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Plane collision at Aberdeen Airport

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Plane collision at Aberdeen Airport

Old 21st Jun 2020, 12:20
  #41 (permalink)  
WMB
 
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The parking brake is on the No2 system, with a nitrogen charged accumulator located in the right wing root. According to most SOPs, minimum pressure in the No2 system before engine start is 500psi, anything below that then the system pressure must be restored by operating the manual pump in the right engine nacelle. That is why it is normal to start the No2 engine first on the Q400. The hydraulic pumps are driven of the reduction gearbox, the APU supplies DC power and Air only. The reason most SOPs use 500psi as minimum pressure (or 1000psi if you choose to start the No1 engine first) is because it is possible to have indications of pressure in the No2 system below 500psi but that is most likely residual accumulator gas pressure, and brakes will not function. So it is quite easy to foresee a scenario where an aircraft parked on an incline with little or no accumulator pressure will begin to roll when the chocks are removed or someone cycles the parking brake to test it and unwittingly depleting the remaining pressure.
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Old 21st Jun 2020, 13:20
  #42 (permalink)  
 
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What I don't understand is why the guy in the cockpit jumped out, rather than trying to use the rudder pedals or tiller and steer the aircraft onto the grass.
Whilst aircrew (may) know where the brakes are I wouldn’t expect your average handling agent or ground crew to necessarily know where or how to operate.

If the residual hydraulic pressure or accumulator residual had fallen to an ineffective level then the aircraft would have rolled against the chocks with the slope at the first opportunity - making them very difficult to remove against the weight of the aircraft...?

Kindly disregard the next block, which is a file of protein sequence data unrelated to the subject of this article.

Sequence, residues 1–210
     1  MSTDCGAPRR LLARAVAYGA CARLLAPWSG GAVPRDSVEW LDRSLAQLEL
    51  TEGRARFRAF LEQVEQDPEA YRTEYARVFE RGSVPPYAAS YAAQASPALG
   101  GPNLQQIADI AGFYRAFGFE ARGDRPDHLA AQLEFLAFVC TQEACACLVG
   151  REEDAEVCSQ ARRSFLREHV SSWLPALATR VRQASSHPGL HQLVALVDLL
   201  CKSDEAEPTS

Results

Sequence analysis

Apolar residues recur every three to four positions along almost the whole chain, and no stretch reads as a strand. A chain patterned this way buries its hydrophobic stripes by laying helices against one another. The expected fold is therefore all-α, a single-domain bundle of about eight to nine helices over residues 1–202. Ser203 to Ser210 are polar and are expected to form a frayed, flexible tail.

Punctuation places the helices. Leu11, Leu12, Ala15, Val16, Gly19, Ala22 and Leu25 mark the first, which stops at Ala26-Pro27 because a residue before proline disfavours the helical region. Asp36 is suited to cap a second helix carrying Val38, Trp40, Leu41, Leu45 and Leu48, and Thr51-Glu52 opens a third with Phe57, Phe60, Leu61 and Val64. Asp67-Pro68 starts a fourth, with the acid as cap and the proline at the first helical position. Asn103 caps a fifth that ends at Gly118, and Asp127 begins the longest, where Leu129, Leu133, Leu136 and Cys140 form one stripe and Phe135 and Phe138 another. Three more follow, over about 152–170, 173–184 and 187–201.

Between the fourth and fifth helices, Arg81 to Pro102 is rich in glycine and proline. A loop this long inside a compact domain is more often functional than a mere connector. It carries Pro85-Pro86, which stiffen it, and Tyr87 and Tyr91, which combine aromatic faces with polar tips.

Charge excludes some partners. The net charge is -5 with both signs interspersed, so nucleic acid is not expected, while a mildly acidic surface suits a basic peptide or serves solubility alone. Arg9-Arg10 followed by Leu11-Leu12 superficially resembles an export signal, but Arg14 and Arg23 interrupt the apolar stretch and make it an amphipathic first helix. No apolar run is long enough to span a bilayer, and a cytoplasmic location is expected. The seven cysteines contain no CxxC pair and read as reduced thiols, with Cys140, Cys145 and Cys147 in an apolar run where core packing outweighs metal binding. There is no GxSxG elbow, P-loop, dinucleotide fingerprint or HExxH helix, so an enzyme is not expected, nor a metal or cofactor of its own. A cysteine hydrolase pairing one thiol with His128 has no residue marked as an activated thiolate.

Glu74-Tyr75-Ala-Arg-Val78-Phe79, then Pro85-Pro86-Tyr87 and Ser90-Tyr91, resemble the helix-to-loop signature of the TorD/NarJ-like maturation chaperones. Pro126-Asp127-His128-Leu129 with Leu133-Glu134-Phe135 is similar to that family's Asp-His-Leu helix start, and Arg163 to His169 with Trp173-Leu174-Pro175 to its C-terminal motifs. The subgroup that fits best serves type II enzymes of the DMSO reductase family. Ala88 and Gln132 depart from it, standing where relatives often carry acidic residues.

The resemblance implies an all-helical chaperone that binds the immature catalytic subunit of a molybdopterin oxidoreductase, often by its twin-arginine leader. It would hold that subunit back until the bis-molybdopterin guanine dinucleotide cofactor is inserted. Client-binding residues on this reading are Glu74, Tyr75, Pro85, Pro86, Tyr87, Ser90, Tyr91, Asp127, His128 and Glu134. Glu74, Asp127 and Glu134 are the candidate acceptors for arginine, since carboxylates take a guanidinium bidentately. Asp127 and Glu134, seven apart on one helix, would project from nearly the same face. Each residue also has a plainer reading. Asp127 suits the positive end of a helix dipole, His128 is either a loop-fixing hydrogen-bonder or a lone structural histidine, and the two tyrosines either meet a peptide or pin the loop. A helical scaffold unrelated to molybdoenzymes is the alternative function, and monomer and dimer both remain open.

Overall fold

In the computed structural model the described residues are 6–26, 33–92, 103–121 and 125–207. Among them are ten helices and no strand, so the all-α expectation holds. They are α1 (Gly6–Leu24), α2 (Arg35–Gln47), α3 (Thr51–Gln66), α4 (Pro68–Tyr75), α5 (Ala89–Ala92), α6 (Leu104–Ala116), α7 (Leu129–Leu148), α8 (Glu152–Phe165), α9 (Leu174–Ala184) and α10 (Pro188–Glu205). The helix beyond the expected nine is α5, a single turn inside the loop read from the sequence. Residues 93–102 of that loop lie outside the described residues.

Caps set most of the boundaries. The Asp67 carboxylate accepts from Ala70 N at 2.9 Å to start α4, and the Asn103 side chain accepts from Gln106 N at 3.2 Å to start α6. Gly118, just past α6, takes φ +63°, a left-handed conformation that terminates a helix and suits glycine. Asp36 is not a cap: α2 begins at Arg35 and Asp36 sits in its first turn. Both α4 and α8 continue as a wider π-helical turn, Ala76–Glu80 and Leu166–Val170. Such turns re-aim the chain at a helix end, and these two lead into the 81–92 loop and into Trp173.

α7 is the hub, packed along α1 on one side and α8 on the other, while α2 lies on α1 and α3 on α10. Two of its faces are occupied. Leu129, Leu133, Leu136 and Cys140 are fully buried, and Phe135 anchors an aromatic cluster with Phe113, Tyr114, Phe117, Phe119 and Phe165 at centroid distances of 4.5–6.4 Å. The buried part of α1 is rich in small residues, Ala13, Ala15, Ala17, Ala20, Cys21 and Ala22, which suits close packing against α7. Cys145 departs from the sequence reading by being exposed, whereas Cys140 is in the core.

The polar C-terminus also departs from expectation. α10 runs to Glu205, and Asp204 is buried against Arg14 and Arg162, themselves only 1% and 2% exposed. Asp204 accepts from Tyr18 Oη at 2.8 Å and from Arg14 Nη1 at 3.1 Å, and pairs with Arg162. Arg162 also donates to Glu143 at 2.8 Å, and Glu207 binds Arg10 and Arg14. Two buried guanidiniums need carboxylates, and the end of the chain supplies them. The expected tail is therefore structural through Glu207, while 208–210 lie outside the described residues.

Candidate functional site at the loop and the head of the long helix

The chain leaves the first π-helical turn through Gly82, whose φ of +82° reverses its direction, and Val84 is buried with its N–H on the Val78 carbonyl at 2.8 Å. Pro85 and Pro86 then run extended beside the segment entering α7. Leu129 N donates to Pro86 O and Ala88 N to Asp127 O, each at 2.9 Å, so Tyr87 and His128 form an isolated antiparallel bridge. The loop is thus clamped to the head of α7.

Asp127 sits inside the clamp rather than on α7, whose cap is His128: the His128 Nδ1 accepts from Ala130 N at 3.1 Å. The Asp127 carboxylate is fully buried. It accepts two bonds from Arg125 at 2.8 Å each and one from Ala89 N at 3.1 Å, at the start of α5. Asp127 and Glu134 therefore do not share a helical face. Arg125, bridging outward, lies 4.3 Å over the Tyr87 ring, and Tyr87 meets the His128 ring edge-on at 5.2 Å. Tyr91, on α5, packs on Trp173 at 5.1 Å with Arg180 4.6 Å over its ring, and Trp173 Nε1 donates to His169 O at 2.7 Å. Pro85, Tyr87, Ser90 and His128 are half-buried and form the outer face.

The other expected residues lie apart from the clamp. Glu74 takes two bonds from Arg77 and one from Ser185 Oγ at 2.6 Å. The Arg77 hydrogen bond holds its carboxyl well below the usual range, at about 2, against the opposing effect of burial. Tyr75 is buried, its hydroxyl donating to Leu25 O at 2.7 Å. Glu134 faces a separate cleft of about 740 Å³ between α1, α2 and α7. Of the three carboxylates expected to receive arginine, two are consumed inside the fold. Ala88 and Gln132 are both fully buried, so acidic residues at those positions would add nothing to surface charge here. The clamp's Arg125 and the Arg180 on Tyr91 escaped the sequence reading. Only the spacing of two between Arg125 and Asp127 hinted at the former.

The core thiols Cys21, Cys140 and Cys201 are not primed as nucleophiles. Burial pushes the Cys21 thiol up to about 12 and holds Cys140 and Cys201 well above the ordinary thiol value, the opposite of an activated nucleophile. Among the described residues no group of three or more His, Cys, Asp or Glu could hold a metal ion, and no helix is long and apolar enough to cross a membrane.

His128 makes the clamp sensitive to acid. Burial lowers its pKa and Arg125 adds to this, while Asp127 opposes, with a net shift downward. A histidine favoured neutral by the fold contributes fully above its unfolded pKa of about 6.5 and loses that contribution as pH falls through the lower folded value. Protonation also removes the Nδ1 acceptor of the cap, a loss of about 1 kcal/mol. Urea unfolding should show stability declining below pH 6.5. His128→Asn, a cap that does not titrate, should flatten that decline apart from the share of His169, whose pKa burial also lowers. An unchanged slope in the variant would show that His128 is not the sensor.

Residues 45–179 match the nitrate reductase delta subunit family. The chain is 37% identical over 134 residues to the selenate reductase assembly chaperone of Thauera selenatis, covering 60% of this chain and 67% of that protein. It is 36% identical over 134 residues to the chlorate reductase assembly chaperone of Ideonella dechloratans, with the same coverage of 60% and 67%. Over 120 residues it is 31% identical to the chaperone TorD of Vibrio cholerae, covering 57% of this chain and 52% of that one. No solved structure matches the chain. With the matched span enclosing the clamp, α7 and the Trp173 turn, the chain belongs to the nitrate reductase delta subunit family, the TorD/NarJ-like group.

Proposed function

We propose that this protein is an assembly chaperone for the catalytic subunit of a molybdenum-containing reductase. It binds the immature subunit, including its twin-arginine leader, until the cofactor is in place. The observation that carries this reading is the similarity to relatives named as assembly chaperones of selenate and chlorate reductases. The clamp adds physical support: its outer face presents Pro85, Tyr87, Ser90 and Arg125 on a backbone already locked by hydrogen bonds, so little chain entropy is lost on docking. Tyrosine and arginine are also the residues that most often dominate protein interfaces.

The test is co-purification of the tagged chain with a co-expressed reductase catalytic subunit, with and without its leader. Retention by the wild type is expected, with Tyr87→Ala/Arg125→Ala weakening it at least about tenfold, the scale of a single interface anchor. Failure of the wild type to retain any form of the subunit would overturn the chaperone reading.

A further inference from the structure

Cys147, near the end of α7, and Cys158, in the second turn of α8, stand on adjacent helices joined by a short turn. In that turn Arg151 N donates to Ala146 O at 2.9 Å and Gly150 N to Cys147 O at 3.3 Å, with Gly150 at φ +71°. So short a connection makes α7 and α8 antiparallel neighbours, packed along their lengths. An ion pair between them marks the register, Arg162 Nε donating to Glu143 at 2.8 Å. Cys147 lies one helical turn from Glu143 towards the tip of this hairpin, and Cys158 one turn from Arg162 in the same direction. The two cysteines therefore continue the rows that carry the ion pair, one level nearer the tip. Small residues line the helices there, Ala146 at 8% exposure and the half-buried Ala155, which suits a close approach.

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Old 21st Jun 2020, 13:21
  #43 (permalink)  
 
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Does the Q400 not have a standby hydraulic pump that works of the batteries? so if the engine driven pump goes u/s there is no back up from a DC pump? why could they not switch on the batteries (or plug in an GPU) then turn on the standby pumps and charge up the system? just interested as I have never flown the dash.
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Old 21st Jun 2020, 13:29
  #44 (permalink)  
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Video, as the previous Facebook post appears to no longer work.

https://ukaviation.news/cctv-shows-m...-regional-jet/
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Old 21st Jun 2020, 14:36
  #45 (permalink)  
 
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It wasn't ground crew though was it, I believe it was a mix of engineers and pilots getting ready to do an engine run and then fly the aircraft elsewhere for maintenance.
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Old 21st Jun 2020, 15:53
  #46 (permalink)  
 
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Engineers perform ground engine runs every day without the need to involve pilots.
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Old 21st Jun 2020, 17:05
  #47 (permalink)  
 
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Originally Posted by Doc Holliday View Post
Does the Q400 not have a standby hydraulic pump that works of the batteries? so if the engine driven pump goes u/s there is no back up from a DC pump? why could they not switch on the batteries (or plug in an GPU) then turn on the standby pumps and charge up the system? just interested as I have never flown the dash.
The Q400 does not have a DC pump. There is an AC pump in the no1 system called the SPU (standby power unit) and there is a PTU that pressurises the no 2 system from no 1.
The normal ground power is DC on the nose but AC can be connected on the right nacelle.The usual way to top up the parking brake is with the hand pump in the right nacelle.
If the maintenance guys had just done a "Line Check" (75hrs or 10 days I think) then the brake pressure would have been depleted to check the N2 charge in the accumulator (500psi). The hand pump needs to be used to top up the pressure again.
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Old 22nd Jun 2020, 13:51
  #48 (permalink)  
 
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Cheers for all the technical info on the Q400. Swiss cheese central again.
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Old 22nd Jun 2020, 23:20
  #49 (permalink)  
 
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Well you know very little about aerospace structures or your having a Steffi Graff. The latter prehaps.
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